In Germany, it's the older generations who decide the government.
Thirty percent of the electorate is above the age of 60, the under-30s represent just 15 percent. Those are the figures of the Federal Election Commissioner.
Germany's demographic shift is increasingly benefiting older voters. The last election marked the first time that more than half of the electorate was over the age of 50.
The trend is clear when compared with data from the 1980 parliamentary election, when the youngest and oldest voter cohorts were more or less in balance. Back then, some 26.8 percent of voters were over 60, while 22.3 percent were under 30.
The shift since then has shown that no party has managed to win an election with the younger vote alone. But the older vote is much more a predictor of success, and that will only become more pronounced in the near future. Added to this is the fact that since 2005, voter participation among people over 70 has increased to an above-average level.
That explains why the late former German President Roman Herzog was concerned when an unexpected pensions hike was agreed in 2008: "I fear that we're seeing the precursors of a pensioners' democracy. We have an increasing number of older people in Germany, and all the parties are disproportionately playing to them," Herzog told the popular German daily Bild at the time – reaping plenty of criticism for his remarks.
Wolfgang Gründinger, 33, shares Herzog's concerns. He's the author of two books on generational politics in Germany, "Alte Säcke Politik" (Old Grumpy Men Politics) and "Aufstand der Jungen" (Youth Uprising). He's also an active member of the Foundation for Generational Justice. "Every third voter is over the age of 60, and half of all SPD and CDU members (Germany's two major political parties) are over 60. And of course, in a democracy, policies are made for the strongest group of voters." Today, that's senior citizens.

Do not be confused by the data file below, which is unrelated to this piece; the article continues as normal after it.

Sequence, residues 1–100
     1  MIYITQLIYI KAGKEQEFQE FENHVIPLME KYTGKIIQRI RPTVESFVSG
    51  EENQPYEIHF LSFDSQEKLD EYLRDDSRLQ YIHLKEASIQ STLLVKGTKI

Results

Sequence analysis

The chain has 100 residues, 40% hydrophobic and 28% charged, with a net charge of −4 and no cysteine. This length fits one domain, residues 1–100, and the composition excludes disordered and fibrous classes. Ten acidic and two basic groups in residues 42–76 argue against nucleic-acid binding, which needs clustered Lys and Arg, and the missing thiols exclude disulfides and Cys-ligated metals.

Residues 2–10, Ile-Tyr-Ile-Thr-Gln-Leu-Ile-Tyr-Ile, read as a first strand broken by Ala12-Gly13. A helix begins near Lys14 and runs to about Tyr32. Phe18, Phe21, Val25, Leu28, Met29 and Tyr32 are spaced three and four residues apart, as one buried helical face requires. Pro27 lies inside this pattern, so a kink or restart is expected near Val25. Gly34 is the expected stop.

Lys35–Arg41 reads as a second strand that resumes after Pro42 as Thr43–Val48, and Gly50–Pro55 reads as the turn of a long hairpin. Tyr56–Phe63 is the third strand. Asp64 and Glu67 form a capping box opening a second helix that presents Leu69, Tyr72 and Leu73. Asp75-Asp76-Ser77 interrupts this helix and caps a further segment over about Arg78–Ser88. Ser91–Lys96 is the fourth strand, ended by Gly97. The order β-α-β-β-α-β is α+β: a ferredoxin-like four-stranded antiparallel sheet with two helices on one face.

"You can see it in the issues in this campaign, where young people's issues, such as education and digitalization, are all but ignored," said Gründinger.
Older voters are more future-oriented
Are Germany's seniors voting against the interests of the country's youth?
Perhaps not. A joint study by the Rheingold Institute and the Bertelsmann Foundation from 2014 debunks the popular opinion that the older generation is more focused on the present than the future. On the contrary, the study shows that older voters tend to be more future-oriented than young people and parents.
"We found that people who feel very strongly anchored in their political ideology find it easier to make decisions with long-term implications," said Christina Tillmann, one of the study's authors. In contrast, people between the ages of 19 to 32, also known as "Generation Wahl-O-Mat" after an app that tells users what party to vote for based on their responses to an election issues quiz, have more of a "shopping mentality when approaching an election." They tend to decide whom to support based on how they feel about individual aspects affecting their lives at a given time, Tillmann said.
Voting rights from 16?
But it's not just demographic developments that give young voters a smaller share at the polls. Young people have had lower voter participation than older voters since 1953.
The SPD, and the opposition Greens and the Left party have all spoken out in favor of lowering the voting age to 16. Greens politician Anton Hofreiter, for example, said since "many decisions being made will affect young people for a long time to come, anyone from the age of 16 who wants to vote should be allowed to do so."
Author Wolfgang Gründinger says he'd go a step further, introducing voting rights for children and teens. "Every young person should have the right to vote as soon as they want to. Most would probably start exercising that right from the age of 12 or 13. But in principle, there should not be age limit for young people – there's no age limit for old people either."